Unqualified High School Graduates and the Great Recession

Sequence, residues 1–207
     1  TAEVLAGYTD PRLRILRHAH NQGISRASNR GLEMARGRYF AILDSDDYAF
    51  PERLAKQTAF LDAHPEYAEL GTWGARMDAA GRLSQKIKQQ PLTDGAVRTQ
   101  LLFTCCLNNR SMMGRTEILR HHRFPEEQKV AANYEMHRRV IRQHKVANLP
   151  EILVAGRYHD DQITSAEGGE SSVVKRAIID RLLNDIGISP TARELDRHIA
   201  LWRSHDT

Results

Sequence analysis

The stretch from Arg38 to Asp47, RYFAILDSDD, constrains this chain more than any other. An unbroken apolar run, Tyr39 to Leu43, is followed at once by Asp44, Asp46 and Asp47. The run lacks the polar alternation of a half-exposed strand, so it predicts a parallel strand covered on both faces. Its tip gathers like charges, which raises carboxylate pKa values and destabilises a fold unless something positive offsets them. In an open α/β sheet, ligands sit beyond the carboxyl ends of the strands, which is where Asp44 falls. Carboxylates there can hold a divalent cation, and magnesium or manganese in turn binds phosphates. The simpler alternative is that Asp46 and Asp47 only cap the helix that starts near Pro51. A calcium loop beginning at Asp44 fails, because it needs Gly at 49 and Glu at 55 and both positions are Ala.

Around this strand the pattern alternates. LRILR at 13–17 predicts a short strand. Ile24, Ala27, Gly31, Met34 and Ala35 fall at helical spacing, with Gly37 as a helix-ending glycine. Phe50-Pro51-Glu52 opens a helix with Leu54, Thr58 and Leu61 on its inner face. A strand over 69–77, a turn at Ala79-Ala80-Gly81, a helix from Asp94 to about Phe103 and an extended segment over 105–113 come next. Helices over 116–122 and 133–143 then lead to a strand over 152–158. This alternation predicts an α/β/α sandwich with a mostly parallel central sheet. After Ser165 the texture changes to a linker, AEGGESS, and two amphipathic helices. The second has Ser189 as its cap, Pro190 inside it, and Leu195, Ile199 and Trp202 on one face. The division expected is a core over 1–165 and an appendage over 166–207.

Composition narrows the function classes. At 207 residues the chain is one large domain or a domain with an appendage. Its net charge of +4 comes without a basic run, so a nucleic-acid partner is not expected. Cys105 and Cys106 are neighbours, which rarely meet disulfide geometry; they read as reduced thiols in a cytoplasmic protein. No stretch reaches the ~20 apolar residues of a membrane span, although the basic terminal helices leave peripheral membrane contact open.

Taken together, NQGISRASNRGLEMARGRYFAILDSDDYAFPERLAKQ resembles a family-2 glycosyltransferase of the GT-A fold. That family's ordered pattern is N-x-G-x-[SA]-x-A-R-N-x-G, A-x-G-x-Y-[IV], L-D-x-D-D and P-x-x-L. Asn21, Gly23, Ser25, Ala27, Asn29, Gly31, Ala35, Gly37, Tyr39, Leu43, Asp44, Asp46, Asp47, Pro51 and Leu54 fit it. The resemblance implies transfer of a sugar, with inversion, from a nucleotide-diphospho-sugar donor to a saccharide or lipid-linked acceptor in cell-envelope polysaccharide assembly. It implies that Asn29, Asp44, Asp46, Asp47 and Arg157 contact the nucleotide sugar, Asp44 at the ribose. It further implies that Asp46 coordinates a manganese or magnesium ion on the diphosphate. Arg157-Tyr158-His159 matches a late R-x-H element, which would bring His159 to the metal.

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Unqualified High School Graduates and the Great Recession Even though its beginnings can be traced back to 2007, the most recent great recession is still quite fresh in many people’s minds. A good number of individuals are still experiencing the recession’s negative effects. Why has our economy been so slow to recover from this recession? The answer lies with our workforce. The nation’s high schools are releasing high percentages of unqualified, undereducated students into our workforce. The majority of students graduating from high school are not even qualified for college, let alone being qualified for the higher paying, stable jobs that grow the economy the fastest. The way to grow an economy is with stable high paying jobs. If there is no one to fill these jobs, we will continue to experience a slow recovery from this great recession. In a recent press release, Collegeboard.org revealed that “only 43 percent of SAT takers in the class of 2012 graduated from high school with the level of academic preparedness associated with a high likelihood of college success” (23). This is an alarming statement. If over half of all high school graduates are not prepared to enter into college, they will have no other choice but to enter into the unskilled job market. These types of jobs are not stable, and were the hardest hit during the last recession. Hartley and Mowry reported that the recession showed a sharp decline in the type of jobs that someone without a college degree or high school diploma would hold; construction, hospitality, manufacturing, and service (1). Had those workers in the industries that do not require diplomas or degrees been ready to either attain a college degree, or perhaps put to use an existing one, they would have been able to find work quicker, and begin contributing to the economy faster. The recession has made businesses much more picky
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